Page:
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Would the bee build out good quality comb on a flat wax foundation without a template to follow? I would assume yes but someone has probably already tried and maybe it did not work. Is that why they do not sell flat foundation? Thanks
 

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yes, but they will make cell sizes according to their ways and not yours.

Big Bear
 

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Like bigbearomaha said, they will more easily make comb how they want it. Heck, they will sometimes do whatever they want even with appropriately embossed cell base foundation. A few months ago I made a nuc with four frames of small-cell foundation and one of drone foundation. I shook enough young bees that they built all the foundation into comb in a few days (all the bees I used had been raised on small-cell comb) - but they refused to make drone comb, they actually reworked the drone foundation into a weirdly bastardized kinda worker comb.
 

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They will draw it. But not with much enthusiasm. They will draw comb in foundationless frames (no foundation at all but some kind of comb guide) with more enthusiasm than anything. In other words, they do not appreciate your foundation at all, and the flat kind even less. When you dip your own, the flat kind is rather hard and brittle and difficult for them to work it.

http://www.bushfarms.com/beesfoundationless.htm
 

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Would the bee build out good quality comb on a flat wax foundation without a template to follow?
You don't say if you are planning on producing comb in sections, standard boxes, or what? That will affect what we recommend.

The simplest comb honey is free comb built by bees in just about any cavity and cut to size or just sold in chunks.
 

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Discussion Starter #7
You don't say if you are planning on producing comb in sections, standard boxes, or what? That will affect what we recommend.

The simplest comb honey is free comb built by bees in just about any cavity and cut to size or just sold in chunks.
Here is the context of the question. I have 4 packages coming in April. I have enough drawn deeps to start them all out in the spring in one drawn standard frame box. I have been doing searches on this site because I want to go as natural as possible. I plan on no chemicals and take what I get death wise.

Ideas so far (which changes the more I read this site).
SBB for sure and have three deeps for their hive and no queen excluder. What ever they store above that I will take for my use. I do not plan on reversing the deeps in the furure.

I have to buy about 10 deeps so I can put two deeps on each of the drawn out comb I place the packages in. I am just not sure what the best route is. I am a beginner. I can get either standard frames and go that route but I like the idea of letting them build what size cells they want. The fact they draw smaller comb when they do it on their own tells me the standard frames are not ideal. I would like to make the conditions for the bees as ideal as possible. Any ideas are welcome. I just was trying to save myself of second guessing and wishing I had bought different equipment later.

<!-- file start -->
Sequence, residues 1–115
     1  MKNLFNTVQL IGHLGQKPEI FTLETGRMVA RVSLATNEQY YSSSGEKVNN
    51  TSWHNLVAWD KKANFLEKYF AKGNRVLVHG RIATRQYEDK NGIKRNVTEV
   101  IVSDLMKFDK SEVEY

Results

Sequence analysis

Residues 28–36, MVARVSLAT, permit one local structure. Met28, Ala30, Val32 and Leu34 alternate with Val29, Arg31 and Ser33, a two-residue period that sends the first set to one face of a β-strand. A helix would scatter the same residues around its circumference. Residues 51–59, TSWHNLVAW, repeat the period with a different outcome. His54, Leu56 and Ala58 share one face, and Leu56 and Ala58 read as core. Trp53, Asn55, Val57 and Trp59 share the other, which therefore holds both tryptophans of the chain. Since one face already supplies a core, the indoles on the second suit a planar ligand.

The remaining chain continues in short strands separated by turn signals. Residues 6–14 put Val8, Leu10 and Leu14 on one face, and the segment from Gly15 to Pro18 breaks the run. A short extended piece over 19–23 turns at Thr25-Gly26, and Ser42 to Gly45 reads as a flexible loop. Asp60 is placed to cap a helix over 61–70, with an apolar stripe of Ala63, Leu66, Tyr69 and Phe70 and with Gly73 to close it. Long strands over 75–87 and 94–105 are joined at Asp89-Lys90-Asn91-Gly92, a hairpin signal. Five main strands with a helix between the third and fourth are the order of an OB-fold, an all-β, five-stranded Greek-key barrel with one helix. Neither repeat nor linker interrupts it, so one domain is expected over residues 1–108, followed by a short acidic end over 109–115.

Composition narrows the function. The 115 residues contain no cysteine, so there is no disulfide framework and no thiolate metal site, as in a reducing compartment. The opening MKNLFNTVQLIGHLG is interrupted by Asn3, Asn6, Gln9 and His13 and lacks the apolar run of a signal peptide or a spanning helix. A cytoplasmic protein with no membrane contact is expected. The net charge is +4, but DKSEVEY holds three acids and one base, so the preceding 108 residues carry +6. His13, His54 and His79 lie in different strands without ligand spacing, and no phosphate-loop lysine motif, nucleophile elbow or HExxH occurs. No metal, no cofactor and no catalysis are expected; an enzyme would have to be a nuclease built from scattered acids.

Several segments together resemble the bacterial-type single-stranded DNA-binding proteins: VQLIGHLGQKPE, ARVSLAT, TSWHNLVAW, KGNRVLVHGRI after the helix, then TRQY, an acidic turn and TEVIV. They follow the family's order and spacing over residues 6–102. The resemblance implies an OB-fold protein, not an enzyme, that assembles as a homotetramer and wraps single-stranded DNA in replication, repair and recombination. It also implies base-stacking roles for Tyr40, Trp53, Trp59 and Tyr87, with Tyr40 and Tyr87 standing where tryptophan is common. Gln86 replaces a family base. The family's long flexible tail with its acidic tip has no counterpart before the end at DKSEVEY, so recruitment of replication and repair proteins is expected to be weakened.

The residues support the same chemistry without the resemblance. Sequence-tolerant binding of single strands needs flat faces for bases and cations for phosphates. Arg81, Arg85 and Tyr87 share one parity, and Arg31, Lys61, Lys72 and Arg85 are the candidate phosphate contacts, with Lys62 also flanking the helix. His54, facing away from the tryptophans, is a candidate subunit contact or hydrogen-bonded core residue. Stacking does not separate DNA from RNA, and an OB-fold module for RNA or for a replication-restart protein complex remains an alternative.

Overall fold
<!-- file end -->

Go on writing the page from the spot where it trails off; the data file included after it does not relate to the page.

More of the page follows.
I plan to top out at 6-8 hives. Hobby only. I am not so concerned about honey production. I seem to get a lot of advise geared for driving the bees to produce the most honey in a season. I am fine with suggestions that will have less honey if it is better for the bees.
Hope that helps.

Thanks for all the suggestions.
 

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Discussion Starter #8
Sorry forgot to say I plan on taking honey comb from some of the hives. I was thinking about getting those supra kits and putting them on top of the deeps. I was going to do this for my honey this year so I will put off getting the extraction equipment for next year.
 

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Sounds as if you are off to a good start. You have enough drawn comb for the packages to get a good beginning. Hopefully the combs have some feed.

If you are drawing new combs, your bees should do fine in the boxes you have in mind.

Personally, I used to sell wood frames with plastic foundation at the market and people scooped the honey off, then returned them to get have them reused.

You can also go with wax foundation or empty frames, but the bees may build across in the latter case unless there are drawn frames on either side.

As for the cell size, frankly, I would not worry about it except for brood comb, and even then, not so much.

> I was thinking about getting those supra kits and putting them on top of the deeps.

I'm not familiar with them, but have made plenty of Ross Rounds.
 

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A friend of mine who also started last year, wired empty frames with a Popsicle stick guide. He used the wire to make the wax more stable. The bees did a good job drawing them out.
 

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beginnerhives, you have a good plan going, did you say you are using 3 deeps total for brood on each hive? That would be one too many for me. The standard deep frames will work fine without foundation, just use a starter strip (comb guide) of some type on each frame, are you familiar with starter strips? Just insert one foundationless frame between two drawn combs that you already have, then they will draw it out straight the first time. When each foundationless gets 3/4 of the way drawn straight, you can put in another foundationless between two drawn and repeat the process until all frames are drawn. Obviously, you will have to keep adding more deep boxes to hold all the drawn combs. Good Luck!
 

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Discussion Starter #12